Auto insurance rates have been on the rise and one question we are often asked is, “Why aren’t new cars less expensive to insure if they are so much safer?” Vehicles are now equipped with more safety features than ever before which are helping to prevent collisions, vehicle fatalities and vehicle thefts. When consumers buy a new car with Advanced Driver-Assist Technology (ADAS), more than half the people in one survey conducted believed they would be rewarded by their insurer. The insurance industry isn’t responding the way many people think they should. The agents at Kasmann Insurance have done our research and we want to explain why.
The auto industry has advanced their safety technology quite a bit in the last few years. You can now buy vehicles with the following options:
Electronic Stability Control
Collision Preparation System (Automatic Emergency Braking)
Blind Spot Monitoring
Lane Departure Warning
Driver Alertness Monitoring
Rear View Camera
Heads Up Display
Passive Disabling Device
Active Disabling Device
These safety features can reduce the number of vehicle accidents, as well as the damage and injuries that result. The anti-theft features make it harder for someone to steal your car and if it is stolen, these features can provide a faster location and recovery process. It seems logical that they would in turn reduce your auto insurance premium either through lower rate factors or increased discounts. What has happened so far has been the exact opposite.
In the past, the introduction of new safety features in vehicles equated to modest insurance savings, but only to applicable coverages. Once things like automatic seat belts and air bags became standard features for vehicle manufacturers, insurance companies responded by adding discounts to the medical coverage premium in response. Vehicle theft is covered under comprehensive coverage, so discounts for anti-theft technology are only applied to comprehensive premiums. Medical and comprehensive coverages are relatively inexpensive as compared to liability and collision coverages, so the savings don’t amount to much overall.
The insurance industry cites one reason why new discounts aren’t being added is due to insufficient data about Advanced Driver-Assist Technology. Vehicle manufacturing is a highly competitive industry and manufacturers are not willing to provide detailed information about their safety designs and improved technology. We all know that technology evolves, so a feature installed this year could be redesigned or updated for the next year, and that proprietary information is not going to be released for general knowledge. As of right now, a lot of this information is being considered “trade secret” and there are no consistent standards across the industry.
Another factor to consider in rating is that while this new technology is relatively inexpensive for car manufactures to install, it is expensive to have a mechanic or body shop repair or replace. In order to monitor things like blind spots or driver alertness, cars have to be outfitted with a whole suite of computers and sensors. There are now sensors in windshields, headlights, bumpers, side mirrors. These sensors make previously inexpensive parts much more expensive to replace now. A headlight that used to be $200 is now $2000; or a bumper that used to be $300 is now closer to $1500 to replace; and a windshield that used to be $350 is now $800 after necessary calibration.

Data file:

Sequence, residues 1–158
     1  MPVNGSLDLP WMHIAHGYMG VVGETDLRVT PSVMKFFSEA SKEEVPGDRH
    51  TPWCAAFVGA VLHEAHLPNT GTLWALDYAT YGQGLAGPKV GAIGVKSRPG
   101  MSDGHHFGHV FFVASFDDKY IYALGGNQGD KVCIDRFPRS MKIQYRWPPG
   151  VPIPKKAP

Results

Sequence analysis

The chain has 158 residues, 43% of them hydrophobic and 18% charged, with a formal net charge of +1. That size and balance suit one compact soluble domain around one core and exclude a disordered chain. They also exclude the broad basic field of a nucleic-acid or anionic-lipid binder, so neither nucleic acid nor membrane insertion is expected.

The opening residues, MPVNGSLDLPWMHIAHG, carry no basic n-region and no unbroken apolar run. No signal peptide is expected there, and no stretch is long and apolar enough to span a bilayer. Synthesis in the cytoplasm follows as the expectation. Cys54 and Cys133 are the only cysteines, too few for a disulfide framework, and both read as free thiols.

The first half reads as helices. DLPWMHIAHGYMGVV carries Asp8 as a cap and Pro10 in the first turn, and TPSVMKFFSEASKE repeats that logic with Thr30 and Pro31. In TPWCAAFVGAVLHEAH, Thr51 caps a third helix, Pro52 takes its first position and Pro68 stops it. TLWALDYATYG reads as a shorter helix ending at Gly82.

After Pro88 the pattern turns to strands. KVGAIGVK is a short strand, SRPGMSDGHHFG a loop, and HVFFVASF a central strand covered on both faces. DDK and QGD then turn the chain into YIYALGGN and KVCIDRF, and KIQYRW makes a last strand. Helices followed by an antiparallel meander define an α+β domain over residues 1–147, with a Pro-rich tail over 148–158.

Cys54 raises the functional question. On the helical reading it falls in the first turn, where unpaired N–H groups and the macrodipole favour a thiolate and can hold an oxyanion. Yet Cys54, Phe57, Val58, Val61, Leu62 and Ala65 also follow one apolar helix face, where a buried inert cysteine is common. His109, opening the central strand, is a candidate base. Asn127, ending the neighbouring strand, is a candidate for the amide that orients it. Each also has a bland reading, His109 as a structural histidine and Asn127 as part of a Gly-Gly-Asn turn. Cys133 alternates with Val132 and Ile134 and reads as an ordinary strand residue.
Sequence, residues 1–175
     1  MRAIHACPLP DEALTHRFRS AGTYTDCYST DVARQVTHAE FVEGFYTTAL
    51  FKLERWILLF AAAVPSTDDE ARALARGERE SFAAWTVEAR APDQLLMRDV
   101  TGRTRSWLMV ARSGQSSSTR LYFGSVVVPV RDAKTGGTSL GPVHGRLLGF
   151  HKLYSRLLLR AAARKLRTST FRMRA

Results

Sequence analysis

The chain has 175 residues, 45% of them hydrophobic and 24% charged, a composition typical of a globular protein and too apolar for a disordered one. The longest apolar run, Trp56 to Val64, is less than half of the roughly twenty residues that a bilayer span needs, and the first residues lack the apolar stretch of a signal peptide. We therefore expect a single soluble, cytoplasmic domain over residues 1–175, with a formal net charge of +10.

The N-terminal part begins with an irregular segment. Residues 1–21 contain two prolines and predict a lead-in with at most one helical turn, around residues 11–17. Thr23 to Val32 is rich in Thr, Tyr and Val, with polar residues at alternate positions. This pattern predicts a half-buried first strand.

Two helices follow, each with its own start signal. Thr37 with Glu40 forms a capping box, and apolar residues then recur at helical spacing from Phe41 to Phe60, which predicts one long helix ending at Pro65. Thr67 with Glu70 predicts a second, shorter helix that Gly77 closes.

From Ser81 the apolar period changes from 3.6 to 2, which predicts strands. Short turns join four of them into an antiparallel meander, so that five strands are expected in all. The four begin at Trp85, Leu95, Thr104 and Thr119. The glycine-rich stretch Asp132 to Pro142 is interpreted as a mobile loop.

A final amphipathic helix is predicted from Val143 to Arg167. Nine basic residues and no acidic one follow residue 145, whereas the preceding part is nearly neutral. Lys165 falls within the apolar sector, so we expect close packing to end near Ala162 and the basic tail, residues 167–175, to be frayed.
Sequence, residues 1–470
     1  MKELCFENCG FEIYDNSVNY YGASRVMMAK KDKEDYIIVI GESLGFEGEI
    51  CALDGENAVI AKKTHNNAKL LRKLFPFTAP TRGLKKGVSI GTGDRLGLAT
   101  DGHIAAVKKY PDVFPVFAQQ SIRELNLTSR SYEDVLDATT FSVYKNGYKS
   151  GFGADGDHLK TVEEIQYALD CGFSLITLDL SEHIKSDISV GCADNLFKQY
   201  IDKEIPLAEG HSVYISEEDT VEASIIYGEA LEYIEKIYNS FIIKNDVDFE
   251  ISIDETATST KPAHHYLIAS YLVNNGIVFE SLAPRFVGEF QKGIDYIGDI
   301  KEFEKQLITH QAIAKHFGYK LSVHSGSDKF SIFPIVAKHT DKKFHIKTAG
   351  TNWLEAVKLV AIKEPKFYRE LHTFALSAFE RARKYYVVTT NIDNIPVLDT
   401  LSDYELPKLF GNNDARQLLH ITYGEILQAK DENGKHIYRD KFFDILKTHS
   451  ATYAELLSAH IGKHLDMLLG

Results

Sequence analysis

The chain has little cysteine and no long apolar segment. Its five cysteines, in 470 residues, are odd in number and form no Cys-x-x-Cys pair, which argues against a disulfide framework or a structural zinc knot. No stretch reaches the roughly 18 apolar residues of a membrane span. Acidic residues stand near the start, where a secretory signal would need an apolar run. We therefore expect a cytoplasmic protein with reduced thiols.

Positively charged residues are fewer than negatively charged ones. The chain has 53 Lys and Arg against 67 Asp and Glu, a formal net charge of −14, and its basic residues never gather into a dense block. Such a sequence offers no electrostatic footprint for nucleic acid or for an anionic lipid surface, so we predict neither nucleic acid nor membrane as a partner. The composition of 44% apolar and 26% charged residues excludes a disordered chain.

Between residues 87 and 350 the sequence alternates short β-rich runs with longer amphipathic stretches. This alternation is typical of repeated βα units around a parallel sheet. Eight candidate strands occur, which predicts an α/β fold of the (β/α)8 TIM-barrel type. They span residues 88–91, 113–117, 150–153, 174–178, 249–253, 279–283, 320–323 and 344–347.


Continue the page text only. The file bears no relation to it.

Today, most ADAS features can be disabled which still leaves a lot of room for driver error. Many of the features are also still optional on vehicles, making it impossible for insurance companies to validate which features are on a specific car. Once features are standard and coded into the Vehicle Identification Number (VIN), and more statistics are available to verify the reduction of damage or injury in accidents, insurance companies will respond by adjusting their rates and/or discounts.
As technology evolves, it typically becomes less expensive. This will most likely be the case for ADAS, as well. As soon as industry standards are put into place and there is more consistency across manufacturers and data reporting, auto insurers will be more likely to adjust their rating. You may not necessarily see an increase in your discounts, it may just be reflected in the overall rating. Kasmann Insurance Agency is dedicated to providing our customers with the best product at the best price possible, so we will continue to monitor these industry changes and your rates. In the meantime, if you feel like your rates have been on the rise, don’t hesitate to contact us to make sure we have paired you with the best company to fit your needs.